"It is said that in the Christian's guide, that God is merciful, and they that are his followers are like him. How much mercy do you think has been shown towards Indians, their wives and their children? Not much, we think. No... Have you any regard for your wives and children, for those delicate sons and daughters? Would you like to see them slain and laid in heaps, and their bodies devoured by the vultures and wild beasts of prey? and their bones bleaching in the sun and air, till they moulder away, or were covered by the falling leaves of the forest, and not resist? No. Your hearts would break with grief, and with all the religion and knowledge you have, it would not impede your force to take vengeance upon your foe, that had so cruelly conducted thus...Can, or do you think we have no feeling?" - William Apess

"...During the bloody contest, the pious fathers wrestled hard and long with their God, in prayer, that he would prosper their arms, and deliver their enemies into their hands...Nor could they, the Pilgrims, cease crying to the Lord against [King] Philip, until they had prayed the bullet through his heart...If this is the way they pray, that is bullet's through people's hearts, I hope they will not pray for me; I should rather be excused." - William Apess

"You smell that? Do you smell that?...Napalm, son. Nothing else in the world smells like that. I love the smell of napalm in the morning. You know, one time we had a hill bombed, for twelve hours. When it was all over I walked up. We didn't find one of 'em, not one stinkin' dink body. The smell, you know that gasoline smell, the whole hill. Smelled like - victory." - Apocalypse Now (U.S. film, 1979), directed by Francis Ford Coppola (b. 1939, U.S.), spoken by Robert Duvall (b. 1931, U.S.)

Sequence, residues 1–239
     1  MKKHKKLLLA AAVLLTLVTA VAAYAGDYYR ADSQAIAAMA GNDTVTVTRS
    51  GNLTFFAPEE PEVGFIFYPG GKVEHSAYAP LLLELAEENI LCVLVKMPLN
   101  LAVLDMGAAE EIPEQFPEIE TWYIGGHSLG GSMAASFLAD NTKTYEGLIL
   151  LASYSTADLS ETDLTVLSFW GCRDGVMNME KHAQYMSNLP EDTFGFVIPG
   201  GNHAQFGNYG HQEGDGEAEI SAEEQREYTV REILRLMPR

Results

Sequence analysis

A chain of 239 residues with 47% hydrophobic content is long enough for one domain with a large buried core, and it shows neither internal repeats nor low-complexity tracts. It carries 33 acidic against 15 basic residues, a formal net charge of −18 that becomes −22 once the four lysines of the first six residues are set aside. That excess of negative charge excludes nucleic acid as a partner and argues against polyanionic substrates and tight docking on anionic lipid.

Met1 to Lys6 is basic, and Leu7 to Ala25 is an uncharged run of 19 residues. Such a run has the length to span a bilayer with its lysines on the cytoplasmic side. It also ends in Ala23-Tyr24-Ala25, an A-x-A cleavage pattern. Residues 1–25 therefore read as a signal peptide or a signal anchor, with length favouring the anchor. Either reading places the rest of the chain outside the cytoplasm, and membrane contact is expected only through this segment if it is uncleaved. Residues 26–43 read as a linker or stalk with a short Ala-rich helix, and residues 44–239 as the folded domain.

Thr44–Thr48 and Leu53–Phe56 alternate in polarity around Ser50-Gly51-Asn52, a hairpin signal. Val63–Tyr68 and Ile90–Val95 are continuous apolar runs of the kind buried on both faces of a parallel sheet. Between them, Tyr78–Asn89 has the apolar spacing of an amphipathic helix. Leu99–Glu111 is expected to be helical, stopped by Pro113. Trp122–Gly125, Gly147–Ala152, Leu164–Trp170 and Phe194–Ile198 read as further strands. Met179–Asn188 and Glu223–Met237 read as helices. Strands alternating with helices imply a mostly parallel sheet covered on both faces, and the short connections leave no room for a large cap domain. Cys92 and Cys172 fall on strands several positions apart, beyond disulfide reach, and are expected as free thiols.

"The horror...the horror." - Apocalypse Now (U.S. film, 1979), spoken by Marlon Brando (b. 1924, U.S.)

"Charging a man with murder in this place was like handing out speeding tickets at the Indy 500." - Apocalypse Now

"These children, who have no one to caress them, understand everything. These women whom no one loves now, are remembering. They shrink back into the shadows as if into some ancient church. They disappear at daybreak, having attained consolation through silence. Old men stand about, wrapped in icy fog. These old men have the right to beg without humility." - Guillaume Apollinaire [in "Picasso: Creator and Destroyer," by Arianna Stassinopoulos Huffington, The Atlantic Monthly, June 1988]